Single Parents Co-parenting with Different Values

Dad and Kids on BankCo-parenting with different values can be quite challenging for you as single parents. When you don’t have the same values as your ex, you may see his or her values – or lack of them – as damaging or confusing to your children. Like most parenting challenges, it is best to face the problems by developing a strategy for minimizing any problems for your children. To get started, put some of these co-parenting skills and tips to work for you.

Know Your Own Values

You may want to take some time to identify your values and solidify them. It can be as simple as a listing general values and core values. Want to go more in-depth? Prioritizing your values may be helpful as well. If you aren’t sure where you stand on something, think long and hard. Depending on the situation, you may even allow your children know that you are considering and weighing the options.

When someone with different values has an influence on your kids, knowing  and practicing your own values helps you stand confidently on what you believe. Your kids will also appreciate the consistency and confidence. Just  live your life according to what you hold to be important. Your children will see the differences and discover what is best and right for them.

Talk  about Your Values

Talk to your kids about your values, but don’t talk negatively about the other parent’s values. There’s an art to this kind of discussion. You’ll need to keep it positive and focused on your values and what you hold to be important – in other words, you’ll need to talk your values up without talking your ex-partner’s down. Then trust your kids to make connections. They will begin to form their own value systems as they grow up, and they will make the connection between what they believe to be right and other view points.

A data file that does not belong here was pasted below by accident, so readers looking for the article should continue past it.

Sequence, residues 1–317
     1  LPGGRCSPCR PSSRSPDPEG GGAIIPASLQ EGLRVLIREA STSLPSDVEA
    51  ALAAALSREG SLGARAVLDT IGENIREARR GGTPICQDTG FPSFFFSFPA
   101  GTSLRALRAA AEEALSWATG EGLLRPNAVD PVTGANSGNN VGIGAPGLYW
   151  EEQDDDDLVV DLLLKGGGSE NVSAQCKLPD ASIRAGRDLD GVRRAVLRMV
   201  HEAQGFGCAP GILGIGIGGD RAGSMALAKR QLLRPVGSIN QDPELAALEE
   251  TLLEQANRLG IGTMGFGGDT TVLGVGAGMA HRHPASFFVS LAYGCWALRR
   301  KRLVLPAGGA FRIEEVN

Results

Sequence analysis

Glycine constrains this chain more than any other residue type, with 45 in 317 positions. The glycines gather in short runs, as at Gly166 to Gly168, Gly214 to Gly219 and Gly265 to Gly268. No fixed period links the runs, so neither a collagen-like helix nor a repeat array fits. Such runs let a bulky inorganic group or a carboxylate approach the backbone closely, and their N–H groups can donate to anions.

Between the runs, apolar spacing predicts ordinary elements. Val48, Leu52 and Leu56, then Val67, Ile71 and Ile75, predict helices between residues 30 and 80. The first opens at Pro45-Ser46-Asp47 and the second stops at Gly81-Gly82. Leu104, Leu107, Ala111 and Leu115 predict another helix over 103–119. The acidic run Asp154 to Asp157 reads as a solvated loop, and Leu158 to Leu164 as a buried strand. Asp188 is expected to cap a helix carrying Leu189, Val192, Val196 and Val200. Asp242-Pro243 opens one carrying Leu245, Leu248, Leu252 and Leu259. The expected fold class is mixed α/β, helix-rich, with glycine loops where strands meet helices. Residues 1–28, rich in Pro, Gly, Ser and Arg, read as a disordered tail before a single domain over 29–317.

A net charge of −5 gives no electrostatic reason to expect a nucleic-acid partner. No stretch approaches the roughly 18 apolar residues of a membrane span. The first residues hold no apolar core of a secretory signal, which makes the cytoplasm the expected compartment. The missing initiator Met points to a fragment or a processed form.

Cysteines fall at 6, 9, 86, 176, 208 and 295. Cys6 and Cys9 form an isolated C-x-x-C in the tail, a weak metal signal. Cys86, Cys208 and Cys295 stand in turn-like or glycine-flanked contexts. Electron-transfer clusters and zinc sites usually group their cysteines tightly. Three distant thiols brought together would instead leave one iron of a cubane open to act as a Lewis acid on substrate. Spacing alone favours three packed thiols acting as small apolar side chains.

Remember, your children will be exposed to many values so don’t let the value differences become a contest between you and the other parent. This will make things much harder for your child.

Respectfully Disagree

If your kids come home from the other parent’s house and talk about something that goes against your values, you can respectfully voice your different idea without being disrespectful to the other parent. You could say something like, “There are several ways to handle that. What do you think you would have done?” This gets the kids thinking, and includes them in the discussion without demonizing the other parent. Now, you might say, “I think I would have done it a little differently.” Then go on to discuss several other options.

Identify What’s Important

It’s a good idea to keep a healthy perspective here. When it comes to values, what you hold dear may not really be a crucial matter. For example, it may stress you out that your ex-partner has a messy house or apartment. As long as it’s not unhealthy, it’s probably not worth stressing or arguing over. Think core values and let the small stuff go. You must pick your battles.

Just because your values or beliefs are different, it doesn’t mean that one parent should back away! Your children need both of you. It would be best if both of you work together; but, until both parents are able to reach that point, these strategies and tips will help you smooth over the tense or confusing parts for your children.

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